The mountain face toppled and slid almost three miles across and up the other side of the valley. The slide buried the southern end of the town of Frank and completely destroyed a two mile stretch of the Canadian Pacific Railroad. The slide disaster also obliterated the mine plant of the Canadian-American Coal Company. Seventeen miners were trapped inside the mountain but fortunately managed to escape by tunneling upwards to the surface. After the dust settled, the catastrophic slide event had reportedly killed ninety people. The Frank Slide is considered the site of one of the worst natural disasters in Alberta’s history and is now a provincial landmark.

This photo does a good job showing what the mountain looked like before the April 29, 1903 catastrophe and afterward.
This photo shows the massive flow of rocks, spread out in the valley. That is not snow. That is a sea of huge limestone boulders. 
A visit to the Interpretive Center allowed us to learn what life was like in the coal mining town of Frank before, during and after the great rock avalanche. While there, we watched two very interesting and informative films,On the Edge of Destruction (which recreated the remarkable night the rockslide came down) and In the Mountain's Shadow (which presented the history of the spectacular Crowsnest Pass from immigration through coal mining to rum running). This pause was a historical introduction to our 'home' for the next three nights.

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A Hike Between Two Countries...

I don't know how much you know about Waterton, but we arrived with very little advance knowledge about this spectacular park. It was the Rotary Clubs of Alberta and Montana that proposed, in 1931, uniting Waterton Lakes National Park in Alberta and Glacier National Park in Montana as the Waterton-Glacier International Peace Park, the first such park in the world. It was intended not just to promote peace and goodwill between nations, but also to underscore the international nature of wilderness and the co-operation required in its protection.

Today, we wanted to hike between two countries so we boarded the 165-passenger Historic M.V. International (built on Waterton Lake in 1927 by the same people who built the Prince of Wales Hotel). For an hour, we were given a guided tour as we cruised the lake, heading to Goat Haunt, Montana, USA.


The deep groove, on the right, is the border between Canada and America. Wild, right?
Here we are at the dock at Goat Haunt. It was exceptionally picturesque.
The U.S. Goat Haunt Port of Entry is a United States Class B Port of Entry, all travelers crossing the border at Goat Haunt must present documents that are Western Hemisphere Travel Initiative (WHTI) compliant. What??? U.S. and Canadian Citizens must present a Passport. What an interesting start to a hike!
This was the most wooded, non-groomed, untraveled trail we have ever been on! To get back to Waterton, we embarked on a 9 mile hike through some very interesting terrain.

And there was ample evidence that we were in bear country (that's scat)! Steve clacked rocks together and there might have been some raucous singing, too. We were completely alone for most of the 15 km hike.




And here we are at the 49th Parallel. I'm in Canada and Steve is frolicking in America. So dang cool!
We are exactly on the border, sharing some international love! Way, way cool. What an incredible way to spend Day #2 in Waterton.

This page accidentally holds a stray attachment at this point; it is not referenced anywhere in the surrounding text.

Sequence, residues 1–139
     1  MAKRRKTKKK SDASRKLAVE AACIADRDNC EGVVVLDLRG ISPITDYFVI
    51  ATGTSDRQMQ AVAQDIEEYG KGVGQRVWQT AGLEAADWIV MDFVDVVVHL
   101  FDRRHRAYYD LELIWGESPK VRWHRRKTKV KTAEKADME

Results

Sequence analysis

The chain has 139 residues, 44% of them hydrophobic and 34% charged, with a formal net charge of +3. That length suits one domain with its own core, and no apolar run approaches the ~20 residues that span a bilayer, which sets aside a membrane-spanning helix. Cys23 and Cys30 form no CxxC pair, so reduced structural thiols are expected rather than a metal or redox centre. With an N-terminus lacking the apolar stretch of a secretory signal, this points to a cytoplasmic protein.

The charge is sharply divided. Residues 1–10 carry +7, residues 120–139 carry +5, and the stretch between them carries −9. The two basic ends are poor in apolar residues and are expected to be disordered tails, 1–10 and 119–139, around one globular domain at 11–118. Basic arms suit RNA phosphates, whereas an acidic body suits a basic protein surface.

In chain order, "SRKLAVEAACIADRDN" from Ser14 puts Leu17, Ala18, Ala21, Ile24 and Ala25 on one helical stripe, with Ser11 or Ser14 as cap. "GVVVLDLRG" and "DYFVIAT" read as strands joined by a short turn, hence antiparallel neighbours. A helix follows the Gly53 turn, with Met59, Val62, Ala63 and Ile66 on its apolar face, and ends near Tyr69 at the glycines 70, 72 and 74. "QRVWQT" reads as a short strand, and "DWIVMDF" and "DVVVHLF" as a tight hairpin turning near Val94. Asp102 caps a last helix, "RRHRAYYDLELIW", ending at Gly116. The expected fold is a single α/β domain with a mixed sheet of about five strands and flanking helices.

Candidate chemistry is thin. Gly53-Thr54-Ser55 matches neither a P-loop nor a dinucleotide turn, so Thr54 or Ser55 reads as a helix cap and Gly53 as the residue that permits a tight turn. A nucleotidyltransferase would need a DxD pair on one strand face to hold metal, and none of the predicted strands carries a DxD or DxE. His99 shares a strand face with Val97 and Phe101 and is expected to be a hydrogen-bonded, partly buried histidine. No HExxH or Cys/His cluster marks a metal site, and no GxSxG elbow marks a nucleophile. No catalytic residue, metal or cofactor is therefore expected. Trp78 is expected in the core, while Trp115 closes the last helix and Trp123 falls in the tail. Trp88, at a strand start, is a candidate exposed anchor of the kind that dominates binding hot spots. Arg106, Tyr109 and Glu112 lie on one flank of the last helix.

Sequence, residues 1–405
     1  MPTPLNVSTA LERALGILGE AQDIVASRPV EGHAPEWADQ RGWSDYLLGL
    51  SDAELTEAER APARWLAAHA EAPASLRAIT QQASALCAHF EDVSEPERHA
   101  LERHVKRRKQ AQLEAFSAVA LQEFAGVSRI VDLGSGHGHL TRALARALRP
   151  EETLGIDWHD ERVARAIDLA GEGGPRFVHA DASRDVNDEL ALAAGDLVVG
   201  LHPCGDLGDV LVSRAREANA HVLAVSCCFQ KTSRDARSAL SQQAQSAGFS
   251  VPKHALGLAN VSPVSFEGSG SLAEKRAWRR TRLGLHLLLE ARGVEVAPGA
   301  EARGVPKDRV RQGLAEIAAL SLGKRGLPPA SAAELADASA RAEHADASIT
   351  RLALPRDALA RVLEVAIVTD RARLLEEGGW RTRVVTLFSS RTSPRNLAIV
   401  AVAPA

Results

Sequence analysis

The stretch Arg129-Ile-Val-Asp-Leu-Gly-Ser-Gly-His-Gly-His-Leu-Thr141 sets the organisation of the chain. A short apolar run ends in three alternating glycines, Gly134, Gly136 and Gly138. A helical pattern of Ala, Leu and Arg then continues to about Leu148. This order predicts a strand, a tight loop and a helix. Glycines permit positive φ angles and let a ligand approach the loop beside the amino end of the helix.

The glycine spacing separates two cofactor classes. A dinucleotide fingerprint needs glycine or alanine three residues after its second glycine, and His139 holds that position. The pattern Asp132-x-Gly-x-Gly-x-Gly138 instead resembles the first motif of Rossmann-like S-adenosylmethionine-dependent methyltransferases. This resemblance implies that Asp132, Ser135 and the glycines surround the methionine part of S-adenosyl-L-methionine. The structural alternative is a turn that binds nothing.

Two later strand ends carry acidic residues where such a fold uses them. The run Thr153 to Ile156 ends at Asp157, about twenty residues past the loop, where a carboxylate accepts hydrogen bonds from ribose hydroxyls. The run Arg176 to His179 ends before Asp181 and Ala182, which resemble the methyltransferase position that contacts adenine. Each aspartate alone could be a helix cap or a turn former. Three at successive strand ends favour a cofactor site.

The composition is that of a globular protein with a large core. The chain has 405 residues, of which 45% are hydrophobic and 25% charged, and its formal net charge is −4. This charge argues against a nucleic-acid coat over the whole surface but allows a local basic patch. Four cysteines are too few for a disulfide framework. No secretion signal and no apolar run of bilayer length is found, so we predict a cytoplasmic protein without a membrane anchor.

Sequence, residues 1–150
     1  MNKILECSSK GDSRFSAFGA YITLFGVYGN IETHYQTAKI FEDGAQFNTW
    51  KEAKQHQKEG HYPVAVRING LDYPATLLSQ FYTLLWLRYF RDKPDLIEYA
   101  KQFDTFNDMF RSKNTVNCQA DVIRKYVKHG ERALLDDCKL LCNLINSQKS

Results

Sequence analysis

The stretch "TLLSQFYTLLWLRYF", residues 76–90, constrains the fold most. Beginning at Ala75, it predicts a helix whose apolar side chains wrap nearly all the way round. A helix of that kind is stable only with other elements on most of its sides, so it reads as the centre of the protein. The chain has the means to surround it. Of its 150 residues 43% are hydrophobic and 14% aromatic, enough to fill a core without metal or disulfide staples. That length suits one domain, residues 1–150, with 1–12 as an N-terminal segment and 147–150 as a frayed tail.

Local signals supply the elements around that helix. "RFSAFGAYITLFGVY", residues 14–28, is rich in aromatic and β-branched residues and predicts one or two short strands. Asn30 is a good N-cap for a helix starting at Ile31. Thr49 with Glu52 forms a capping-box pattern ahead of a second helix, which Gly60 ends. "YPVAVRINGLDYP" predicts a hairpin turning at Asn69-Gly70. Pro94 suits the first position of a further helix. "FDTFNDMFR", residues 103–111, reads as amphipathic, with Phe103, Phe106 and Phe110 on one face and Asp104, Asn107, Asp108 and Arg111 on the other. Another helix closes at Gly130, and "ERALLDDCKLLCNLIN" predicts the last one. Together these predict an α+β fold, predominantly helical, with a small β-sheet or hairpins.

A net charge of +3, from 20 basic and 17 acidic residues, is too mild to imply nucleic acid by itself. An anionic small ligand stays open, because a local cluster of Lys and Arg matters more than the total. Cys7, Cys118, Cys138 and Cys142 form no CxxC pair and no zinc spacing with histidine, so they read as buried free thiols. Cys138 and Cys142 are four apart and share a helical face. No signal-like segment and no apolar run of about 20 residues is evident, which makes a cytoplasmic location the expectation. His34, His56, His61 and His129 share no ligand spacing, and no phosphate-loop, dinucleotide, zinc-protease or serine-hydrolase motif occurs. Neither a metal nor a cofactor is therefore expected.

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Waterton Lakes National Park...

"Timing is everything" and our timing for this trip could not have been more perfect. It is Canada’s 150th anniversary and in honor of this special celebration, all of Canada's National Parks are free to enter, from coast to coast to coast. We are going to do our best to see as many as possible.

The prairies of Alberta meet the peaks of the Rocky Mountains in Waterton Lakes National Park. Clear lakes, thundering waterfalls, rainbow-colored streams, colorful rocks and mountain vistas await hikers and sightseers. With an exceptional diversity of wildlife and wildflowers and a cozy little waterfront town to serve as a home base, Waterton packs a big natural punch into a relatively small and accessible area.

Our first stop, after the Visitor's Center, was the Prince of Wales Hotel (one of only two National Historic Sites in the park). Built in 1926-27, it is the park's most recognized landmark.
The hotel is named after Edward, Prince of Wales who later became King Edward VIII, and, like its namesake, it has a colorful history. If its Douglas fir pillars could talk they would tell you a tale of American imagination and money, built with Canadian grit and patience.
Today many people recognize the Prince of Wales as a railway hotel, but few realize it was built by the Great Northern of United States and not the Canadian Pacific. It is the last in a chain of 1920s luxury hotels, backcountry chalets and tent camps. In its day, it offered a final stop for affluent visitors travelling Glacier National Park's backcountry by horseback. Today, though most travelers arrive by car, the Prince is still pretty spectacular and definitely worth an explore.

What surprised me was the fact that in the heart of the park is a Village. People have homes and darling businesses here. It is all very scenic.

This sign demands further study!

June is the month for Wildflowers! We were pretty happy campers.



Wanting to explore a bit more, we headed to the Red Rock Parkway. This scenic road travels up the Blakiston Valley through rolling grasslands and ends at Red Rock Canyon. It is the best place to experience Waterton's classic prairie meeting mountain landscape. Along the way, we stopped at the scenic pull-outs, many of which had interpretive displays. And at the end we found a fantastic, brilliant red canyon with rushing water flowing through it. Wow.



We enjoy Ranger led hikes so we joined in on Bears and Blooms.
For four miles we meandered along Blakiston Creek, learning about Grizzly and Black bears. Ranger Vera identified various flowers and plants that bears eat, while helping us better understand bear behavior. At times, we were in prime foraging territory so there was a tiny bit of fear along with the excitement. It was a really great hike.
And for the perfect end to Day #1 in Waterton, Steve saw this little guy as we were heading back to the parking lot.


“Always respect Mother Nature.
Especially when she weighs 400 pounds
and is guarding her baby.”
― James Rollins